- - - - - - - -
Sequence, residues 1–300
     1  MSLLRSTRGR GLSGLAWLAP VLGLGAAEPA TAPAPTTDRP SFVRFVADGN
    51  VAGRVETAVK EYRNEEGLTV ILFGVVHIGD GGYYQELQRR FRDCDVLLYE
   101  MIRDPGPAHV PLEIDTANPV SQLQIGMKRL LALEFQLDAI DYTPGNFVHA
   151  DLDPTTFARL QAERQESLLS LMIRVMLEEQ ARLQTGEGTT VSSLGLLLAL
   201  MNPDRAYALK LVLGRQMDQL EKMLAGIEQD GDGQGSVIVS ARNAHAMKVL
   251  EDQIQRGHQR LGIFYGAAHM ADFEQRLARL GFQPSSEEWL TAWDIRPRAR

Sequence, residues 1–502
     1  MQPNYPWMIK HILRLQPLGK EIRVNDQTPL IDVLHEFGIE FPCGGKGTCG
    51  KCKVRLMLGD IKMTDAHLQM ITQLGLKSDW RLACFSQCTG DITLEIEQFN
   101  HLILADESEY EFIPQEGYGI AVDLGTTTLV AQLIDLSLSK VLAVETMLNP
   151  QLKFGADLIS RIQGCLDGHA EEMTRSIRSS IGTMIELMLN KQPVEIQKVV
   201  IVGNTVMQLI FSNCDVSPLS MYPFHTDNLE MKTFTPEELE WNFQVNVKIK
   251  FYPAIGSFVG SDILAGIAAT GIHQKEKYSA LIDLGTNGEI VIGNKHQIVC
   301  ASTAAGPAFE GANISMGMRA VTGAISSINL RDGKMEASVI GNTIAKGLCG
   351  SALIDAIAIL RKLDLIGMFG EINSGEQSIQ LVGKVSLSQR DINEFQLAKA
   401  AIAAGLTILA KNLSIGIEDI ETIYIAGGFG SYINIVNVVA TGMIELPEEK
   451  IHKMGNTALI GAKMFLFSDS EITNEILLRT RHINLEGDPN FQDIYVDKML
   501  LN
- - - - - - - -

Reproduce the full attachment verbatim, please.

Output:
Sequence, residues 1–300
     1  MSLLRSTRGR GLSGLAWLAP VLGLGAAEPA TAPAPTTDRP SFVRFVADGN
    51  VAGRVETAVK EYRNEEGLTV ILFGVVHIGD GGYYQELQRR FRDCDVLLYE
   101  MIRDPGPAHV PLEIDTANPV SQLQIGMKRL LALEFQLDAI DYTPGNFVHA
   151  DLDPTTFARL QAERQESLLS LMIRVMLEEQ ARLQTGEGTT VSSLGLLLAL
   201  MNPDRAYALK LVLGRQMDQL EKMLAGIEQD GDGQGSVIVS ARNAHAMKVL
   251  EDQIQRGHQR LGIFYGAAHM ADFEQRLARL GFQPSSEEWL TAWDIRPRAR

Sequence, residues 1–502
     1  MQPNYPWMIK HILRLQPLGK EIRVNDQTPL IDVLHEFGIE FPCGGKGTCG
    51  KCKVRLMLGD IKMTDAHLQM ITQLGLKSDW RLACFSQCTG DITLEIEQFN
   101  HLILADESEY EFIPQEGYGI AVDLGTTTLV AQLIDLSLSK VLAVETMLNP
   151  QLKFGADLIS RIQGCLDGHA EEMTRSIRSS IGTMIELMLN KQPVEIQKVV
   201  IVGNTVMQLI FSNCDVSPLS MYPFHTDNLE MKTFTPEELE WNFQVNVKIK
   251  FYPAIGSFVG SDILAGIAAT GIHQKEKYSA LIDLGTNGEI VIGNKHQIVC
   301  ASTAAGPAFE GANISMGMRA VTGAISSINL RDGKMEASVI GNTIAKGLCG
   351  SALIDAIAIL RKLDLIGMFG EINSGEQSIQ LVGKVSLSQR DINEFQLAKA
   401  AIAAGLTILA KNLSIGIEDI ETIYIAGGFG SYINIVNVVA TGMIELPEEK
   451  IHKMGNTALI GAKMFLFSDS EITNEILLRT RHINLEGDPN FQDIYVDKML
   501  LN